Nursing agencies in emergency ward

Nestor Healthcare ousts chief executive after profits warning as NHS gets tough
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The National Health Service's efforts to freeze out private sector agencies offering expensive temporary staff claimed another corporate casualty yesterday, as Nestor Healthcare issued a devastating profit warning and parted company with its chief executive.

The National Health Service's efforts to freeze out private sector agencies offering expensive temporary staff claimed another corporate casualty yesterday, as Nestor Healthcare issued a devastating profit warning and parted company with its chief executive.

Justin Jewitt, the head of Nestor since 1998, had bet his company's millions on hopes that the private sector would be called in to offer out-of-hours cover for general practitioners, but NHS trusts are instead organising rotas of willing doctors.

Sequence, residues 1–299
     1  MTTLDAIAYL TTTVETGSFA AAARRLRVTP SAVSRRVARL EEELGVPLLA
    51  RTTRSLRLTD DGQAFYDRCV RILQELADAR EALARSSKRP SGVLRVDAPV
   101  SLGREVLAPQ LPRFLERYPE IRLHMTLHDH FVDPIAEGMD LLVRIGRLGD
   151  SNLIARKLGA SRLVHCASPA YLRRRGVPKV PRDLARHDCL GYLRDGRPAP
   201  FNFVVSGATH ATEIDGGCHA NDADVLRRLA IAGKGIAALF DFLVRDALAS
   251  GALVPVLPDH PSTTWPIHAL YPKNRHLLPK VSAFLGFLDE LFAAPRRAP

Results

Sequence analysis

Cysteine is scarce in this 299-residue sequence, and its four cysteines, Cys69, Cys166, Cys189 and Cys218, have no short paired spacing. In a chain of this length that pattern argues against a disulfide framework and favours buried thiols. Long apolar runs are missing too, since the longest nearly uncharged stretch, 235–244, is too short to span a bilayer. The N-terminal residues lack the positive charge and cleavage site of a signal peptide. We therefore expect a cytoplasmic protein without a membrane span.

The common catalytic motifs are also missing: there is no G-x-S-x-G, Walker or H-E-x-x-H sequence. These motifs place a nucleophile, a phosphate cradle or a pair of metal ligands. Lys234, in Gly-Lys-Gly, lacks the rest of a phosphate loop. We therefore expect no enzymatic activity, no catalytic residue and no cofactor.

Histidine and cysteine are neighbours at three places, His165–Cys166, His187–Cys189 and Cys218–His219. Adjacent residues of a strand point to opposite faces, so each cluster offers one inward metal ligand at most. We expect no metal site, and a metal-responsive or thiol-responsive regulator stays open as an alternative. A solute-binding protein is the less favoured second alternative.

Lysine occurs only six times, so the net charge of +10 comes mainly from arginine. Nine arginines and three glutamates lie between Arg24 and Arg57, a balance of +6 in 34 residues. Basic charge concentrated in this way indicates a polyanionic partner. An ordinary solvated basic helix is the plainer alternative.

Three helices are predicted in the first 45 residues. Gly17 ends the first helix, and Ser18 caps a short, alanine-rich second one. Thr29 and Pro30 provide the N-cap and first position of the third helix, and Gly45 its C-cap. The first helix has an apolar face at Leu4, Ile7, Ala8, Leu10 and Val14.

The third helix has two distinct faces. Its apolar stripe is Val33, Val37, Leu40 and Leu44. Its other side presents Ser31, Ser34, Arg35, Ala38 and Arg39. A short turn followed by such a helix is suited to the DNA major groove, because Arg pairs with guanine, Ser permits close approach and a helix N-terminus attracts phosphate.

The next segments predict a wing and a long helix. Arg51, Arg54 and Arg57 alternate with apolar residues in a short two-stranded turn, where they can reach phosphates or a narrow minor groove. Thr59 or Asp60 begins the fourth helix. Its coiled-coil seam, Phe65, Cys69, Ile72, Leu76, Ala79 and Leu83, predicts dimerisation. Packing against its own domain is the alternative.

Two giant call centres built by Nestor to co-ordinate its network of private GPs are likely to stand virtually idle as a result of the misjudgment.

The disaster - which knocked 36 per cent from the company's value and sent its shares to 134p, the lowest since Mr Jewitt took over - is the latest profit warning to come out of the healthcare staffing sector. Reed Health Group, another listed company that specialises in providing agency staff for the NHS, has seen its shares fall from 113p to 68.5p in less than six months.

The previously free-spending NHS has launched a blizzard of national and local initiatives aimed at cutting its bills for agency staff, which rose to £1.68bn in 2003 from £1.28bn the year before.

Decisions by primary healthcare trusts, which are taking over the responsibility for out-of-hours cover this year, were showing a clear trend towards the provision of services in-house, Nestor warned yesterday. Not only does this mean no new work is being sent the private sector's way, but the company's existing work for GPs unwilling to cover out of hours is also being taken away.

John Rennocks, Nestor's chairman, said: "It has become clear over the last couple of weeks that a high majority of PCTs are going down a DIY route, linking up doctors and emergency centres under their own controls."

The future of 600 staff at the two new call centres in Birmingham and Sheffield has been put under review, along with those at five other call centres. "The structure of the business needs to be reviewed in the light of the changes to revenue expectations," Mr Rennocks said.